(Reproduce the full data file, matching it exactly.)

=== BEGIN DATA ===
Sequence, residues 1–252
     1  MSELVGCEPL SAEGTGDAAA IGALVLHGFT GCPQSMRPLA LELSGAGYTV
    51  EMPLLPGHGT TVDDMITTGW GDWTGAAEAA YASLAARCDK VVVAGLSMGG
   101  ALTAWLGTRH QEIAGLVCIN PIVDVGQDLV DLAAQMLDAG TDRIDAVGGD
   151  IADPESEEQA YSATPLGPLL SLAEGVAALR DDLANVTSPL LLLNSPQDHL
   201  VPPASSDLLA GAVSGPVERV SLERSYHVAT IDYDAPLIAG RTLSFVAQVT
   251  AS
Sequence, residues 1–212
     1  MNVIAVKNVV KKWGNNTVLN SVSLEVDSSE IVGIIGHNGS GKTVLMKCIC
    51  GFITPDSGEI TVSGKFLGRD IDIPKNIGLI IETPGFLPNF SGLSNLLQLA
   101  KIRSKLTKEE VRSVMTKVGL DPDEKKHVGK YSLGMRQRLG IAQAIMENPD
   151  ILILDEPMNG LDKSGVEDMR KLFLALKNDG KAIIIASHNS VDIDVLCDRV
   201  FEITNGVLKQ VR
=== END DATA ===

Sequence, residues 1–252
     1  MSELVGCEPL SAEGTGDAAA IGALVLHGFT GCPQSMRPLA LELSGAGYTV
    51  EMPLLPGHGT TVDDMITTGW GDWTGAAEAA YASLAARCDK VVVAGLSMGG
   101  ALTAWLGTRH QEIAGLVCIN PIVDVGQDLV DLAAQMLDAG TDRIDAVGGD
   151  IADPESEEQA YSATPLGPLL SLAEGVAALR DDLANVTSPL LLLNSPQDHL
   201  VPPASSDLLA GAVSGPVERV SLERSYHVAT IDYDAPLIAG RTLSFVAQVT
   251  AS
Sequence, residues 1–212
     1  MNVIAVKNVV KKWGNNTVLN SVSLEVDSSE IVGIIGHNGS GKTVLMKCIC
    51  GFITPDSGEI TVSGKFLGRD IDIPKNIGLI IETPGFLPNF SGLSNLLQLA
   101  KIRSKLTKEE VRSVMTKVGL DPDEKKHVGK YSLGMRQRLG IAQAIMENPD
   151  ILILDEPMNG LDKSGVEDMR KLFLALKNDG KAIIIASHNS VDIDVLCDRV
   201  FEITNGVLKQ VR